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Manhattan Transfer

The long day love was crisp in the curls . . . the dark curls . . . broken in the dark steel light . . . hurls . . . high O God high into the bright . . . She was cutting with her fork in the crisp white heart of a lettuce. She was saying words while quite other words spilled confusedly inside her like a broken package of beads. She sat looking at a picture of two women and two men eating at a table in a high paneled room under a shivering crystal chandelier. She looked up from her plate to find Miss Goldweiser's little birdeyes kindly querulous fixed hard on her face.

"Oh yes New York is really pleasanter in midsummer than any other time; there's less hurry and bustle."

"Oh yes that's quite true Miss Goldweiser." Ellen flashed a sudden smile round the table. . . . All the long day love Was crisp in the curls of his high thin brow, Flashed in his eyes in dark steel light. . . .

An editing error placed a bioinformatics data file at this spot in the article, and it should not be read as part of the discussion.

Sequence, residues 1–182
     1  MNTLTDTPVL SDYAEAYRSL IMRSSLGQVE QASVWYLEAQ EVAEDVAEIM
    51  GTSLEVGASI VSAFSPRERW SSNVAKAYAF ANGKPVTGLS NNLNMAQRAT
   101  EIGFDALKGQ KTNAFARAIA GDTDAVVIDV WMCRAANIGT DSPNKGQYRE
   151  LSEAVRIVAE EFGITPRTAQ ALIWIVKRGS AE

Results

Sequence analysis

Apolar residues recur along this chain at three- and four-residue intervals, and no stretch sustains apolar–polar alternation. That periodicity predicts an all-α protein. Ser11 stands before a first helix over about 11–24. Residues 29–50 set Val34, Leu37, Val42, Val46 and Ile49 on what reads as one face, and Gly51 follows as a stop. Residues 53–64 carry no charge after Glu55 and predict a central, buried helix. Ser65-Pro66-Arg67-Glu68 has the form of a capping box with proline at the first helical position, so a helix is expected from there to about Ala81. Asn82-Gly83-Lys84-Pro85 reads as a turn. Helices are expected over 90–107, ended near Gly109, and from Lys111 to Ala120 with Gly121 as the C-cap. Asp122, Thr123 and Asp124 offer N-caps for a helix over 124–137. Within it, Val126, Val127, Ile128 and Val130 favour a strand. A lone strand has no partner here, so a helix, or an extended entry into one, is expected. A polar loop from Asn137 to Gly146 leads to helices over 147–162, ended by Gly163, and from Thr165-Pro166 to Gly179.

In the taxi Goldweiser's broad short knees pressed against hers; his eyes were full of furtive spiderlike industry weaving a warm sweet choking net about her face and neck. Miss Goldweiser had relapsed pudgily into the seat beside her. Dick Snow was holding an unlighted cigar in his mouth, rolling it with his tongue. Ellen tried to remember exactly how Stan looked, his polevaulter's tight slenderness; she couldn't remember his face entire, she saw his eyes, lips, an ear.

Times Square was full of juggled colored lights, criss-crossed corrugations of glare. They went up in the elevator at the Astor. Ellen followed Miss Goldweiser across the roofgarden among the tables. Men and women in evening dress, in summer muslins and light suits turned and looked after her, like sticky tendrils of vines glances caught at her as she passed. The orchestra was playing In My Harem. They arranged themselves at a table.

"Shall we dance?" asked Goldweiser.

She smiled a wry broken smile in his face as she let him put his arm round her back. His big ear with solemn lonely hairs on it was on the level of her eyes.

"Elaine," he was breathing into her ear, "honest I thought